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Pavel Figurski ...
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29 January 2007 (USA)  »

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Another excellent "American Experience" episode.
14 March 2012 | by (Bradenton, Florida) – See all my reviews

Today, there are only a few of us that can remember the Berlin Airlift--and it's often confused with the construction of the Berlin Wall in the early 1960s. To quickly summarize what occurred, I'll try my best. Following WWII, Berlin was divided into four sectors--one controlled by the Russians, one by the Americans, one by the British and one by the French. In 1948, tensions between the Russians and the other three nations increased dramatically and it became obvious that Stalin had designs on taking all of Berlin. Since Berlin was well within the Eastern Sector (all of which was controlled by the Russians), it was easy for the Russians to begin a siege--refusing to continue to allow shipments of supplies into West Berlin. The three Allied nations refused to give in an a HUGE series of air flights into the city to supply its needs began. Eventually, the Russians realized that this could continue indefinitely and they ultimately dropped the siege.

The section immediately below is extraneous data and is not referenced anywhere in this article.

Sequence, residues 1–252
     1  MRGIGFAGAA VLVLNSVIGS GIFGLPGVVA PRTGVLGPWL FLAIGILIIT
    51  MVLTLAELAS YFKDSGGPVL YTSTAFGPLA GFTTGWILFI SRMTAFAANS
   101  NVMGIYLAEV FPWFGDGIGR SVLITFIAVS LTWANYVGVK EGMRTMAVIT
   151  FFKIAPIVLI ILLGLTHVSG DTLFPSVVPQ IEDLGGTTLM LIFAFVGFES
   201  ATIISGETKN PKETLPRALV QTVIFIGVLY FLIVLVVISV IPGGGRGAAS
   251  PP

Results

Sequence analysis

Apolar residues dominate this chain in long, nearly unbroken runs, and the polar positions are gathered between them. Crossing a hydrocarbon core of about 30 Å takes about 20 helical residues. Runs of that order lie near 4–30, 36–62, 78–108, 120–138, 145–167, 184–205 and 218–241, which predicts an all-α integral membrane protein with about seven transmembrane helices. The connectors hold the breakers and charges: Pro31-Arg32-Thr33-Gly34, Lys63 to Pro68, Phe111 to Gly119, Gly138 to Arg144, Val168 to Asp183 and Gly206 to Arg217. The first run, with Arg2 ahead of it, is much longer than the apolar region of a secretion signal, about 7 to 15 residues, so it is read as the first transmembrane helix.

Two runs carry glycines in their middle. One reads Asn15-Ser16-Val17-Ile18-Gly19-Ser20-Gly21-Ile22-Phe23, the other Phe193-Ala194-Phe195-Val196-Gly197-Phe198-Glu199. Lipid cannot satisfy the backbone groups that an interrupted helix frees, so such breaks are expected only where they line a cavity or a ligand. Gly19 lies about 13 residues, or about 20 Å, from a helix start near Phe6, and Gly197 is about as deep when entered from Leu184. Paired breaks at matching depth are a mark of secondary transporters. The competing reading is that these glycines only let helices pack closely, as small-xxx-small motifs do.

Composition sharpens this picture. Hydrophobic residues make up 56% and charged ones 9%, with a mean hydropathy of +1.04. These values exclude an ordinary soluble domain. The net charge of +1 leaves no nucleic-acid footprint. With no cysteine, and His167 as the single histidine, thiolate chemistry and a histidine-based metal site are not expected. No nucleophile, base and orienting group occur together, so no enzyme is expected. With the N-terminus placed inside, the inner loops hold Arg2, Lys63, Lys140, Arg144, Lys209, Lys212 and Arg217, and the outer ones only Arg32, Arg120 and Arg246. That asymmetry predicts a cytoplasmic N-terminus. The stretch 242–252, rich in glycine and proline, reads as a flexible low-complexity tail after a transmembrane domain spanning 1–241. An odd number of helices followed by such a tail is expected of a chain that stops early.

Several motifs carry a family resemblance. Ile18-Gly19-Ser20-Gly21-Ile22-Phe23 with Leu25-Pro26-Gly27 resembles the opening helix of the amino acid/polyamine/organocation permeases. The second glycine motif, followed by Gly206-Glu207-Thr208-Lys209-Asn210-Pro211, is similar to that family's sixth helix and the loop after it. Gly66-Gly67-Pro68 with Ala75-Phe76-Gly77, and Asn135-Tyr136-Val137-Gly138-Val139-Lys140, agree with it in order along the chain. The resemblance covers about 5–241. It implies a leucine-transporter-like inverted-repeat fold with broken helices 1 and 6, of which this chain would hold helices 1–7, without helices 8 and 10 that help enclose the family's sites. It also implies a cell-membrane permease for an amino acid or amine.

Like other episodes of "The American Experience" from PBS, this one is exceptionally well made. It consists of narration, interviews, re-creations and vintage photos/footage to tell the story. In particular, many of the interviews were Berliners themselves recalling these tense days and it was filled with many interesting vignettes about the airlifts. All in all, an inspiring addition to "The American Experience".


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